What are Romeo and Juliet's reactions when they discover their forbidden love? Describe the dramatic effect of the ending.
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One would think the Prologue of the play would give all the action in the play away and that the audience might as well not spend time reading the remainder since it tells us what will happen. However, being told what will happen and watching the body language and hearing the voice inflection of characters as they act out the play is completely different. In fact, one version directed by Director A will not be much like another version by any other Director. Each will have its own twist on events.
To answer your question, the dramatic effect of the ending is how the miscommunications bring Romeo, Paris, and Juliet into the Capulet tomb. Romeo all but begs Paris to leave him alone to his grief, but the also grieving Paris challenges Romeo until Paris is left dead on the floor. Romeo, left with Juliet, tenderly kisses her telling her how much he loves her. The audience, on the edge of its seat, is all but praying that Juliet will wake in time to save Romeo's life. Even though we already know the ending, we hope beyond hope that the two young lovers who have faced all this adversity will, indeed, prevail to ride off together into the sunset to our cheering. True to the story, he drinks the apothecary's poison and dies moments before Juliet awakes. We are sobbing with her, and then we are shocked at her violent and determined death. Therein lies the drama!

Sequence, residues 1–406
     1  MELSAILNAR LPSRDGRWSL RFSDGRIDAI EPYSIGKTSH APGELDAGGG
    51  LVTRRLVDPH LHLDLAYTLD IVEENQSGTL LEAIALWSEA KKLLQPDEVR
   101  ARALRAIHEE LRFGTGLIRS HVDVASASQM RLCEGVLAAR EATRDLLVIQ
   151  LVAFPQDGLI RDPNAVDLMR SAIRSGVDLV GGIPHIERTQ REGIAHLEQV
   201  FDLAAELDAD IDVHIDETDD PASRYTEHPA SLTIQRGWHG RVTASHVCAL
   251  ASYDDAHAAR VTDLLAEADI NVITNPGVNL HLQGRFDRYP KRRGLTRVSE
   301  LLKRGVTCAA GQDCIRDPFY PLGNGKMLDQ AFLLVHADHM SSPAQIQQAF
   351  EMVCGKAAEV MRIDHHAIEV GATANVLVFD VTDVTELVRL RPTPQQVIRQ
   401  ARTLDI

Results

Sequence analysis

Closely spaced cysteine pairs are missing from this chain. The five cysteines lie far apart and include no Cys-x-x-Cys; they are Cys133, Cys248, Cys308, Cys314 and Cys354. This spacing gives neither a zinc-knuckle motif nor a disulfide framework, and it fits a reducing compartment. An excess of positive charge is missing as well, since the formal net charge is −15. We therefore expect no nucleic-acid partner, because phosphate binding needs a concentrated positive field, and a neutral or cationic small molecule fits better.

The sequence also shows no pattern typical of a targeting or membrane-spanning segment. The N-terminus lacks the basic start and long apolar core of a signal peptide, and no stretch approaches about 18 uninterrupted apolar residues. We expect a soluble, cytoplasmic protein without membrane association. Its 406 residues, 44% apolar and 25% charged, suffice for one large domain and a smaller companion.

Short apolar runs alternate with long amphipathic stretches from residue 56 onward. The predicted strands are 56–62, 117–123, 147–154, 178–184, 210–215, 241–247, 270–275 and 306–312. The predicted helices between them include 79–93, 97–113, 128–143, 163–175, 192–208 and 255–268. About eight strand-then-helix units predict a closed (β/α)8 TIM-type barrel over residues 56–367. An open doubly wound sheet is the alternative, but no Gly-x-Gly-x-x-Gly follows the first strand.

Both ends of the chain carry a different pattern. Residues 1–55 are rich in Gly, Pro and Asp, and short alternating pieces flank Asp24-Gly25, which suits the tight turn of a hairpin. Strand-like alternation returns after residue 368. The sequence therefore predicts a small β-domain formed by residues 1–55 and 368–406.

The Nurse is the one to tell the pair of their true identities. During the merriment of the ball, she spies Romeo kissing her charge. Knowing herself who Romeo is, she breaks them up by claiming, "Madam, your mother craves a word with you" (1.5.110). Romeo innocently inquires who the "lady of the house" is. When told, he is crestfallen. "Is she a Capulet? / O dear account. / My life is my foe's debt," he wails (1.5.115-116).
Alone with her Nurse, Juliet too wants to know her admirer's identity. When told, Juliet is heartbroken, exclaiming, "My only love sprung from my only hate. / Too early seen unknown, and known too late. / Prodigious birth of love it is to me / That I must love a loathed enemy" (1.5.137-140).
As to the ending, the audience knows going in that is a tragedy. What is interesting about the conclusion is the hand-holding, statue-building promises and cries of regret for past behavior. Will this moment of clarity be enough to truly revise generations of enmity? Perhaps. But pain fades, statues tarnish and become overgrown with weeds. The Prince's final words, I think, are meant more for the didactic lesson than any real hope of change for the feuding families. "Go hence to have more talk of these sad things," he directs, "Some shall be pardon'd, and some punished, / For never was a story of more woe, / than this of Juliet and her Romeo" (5.3.306-309)
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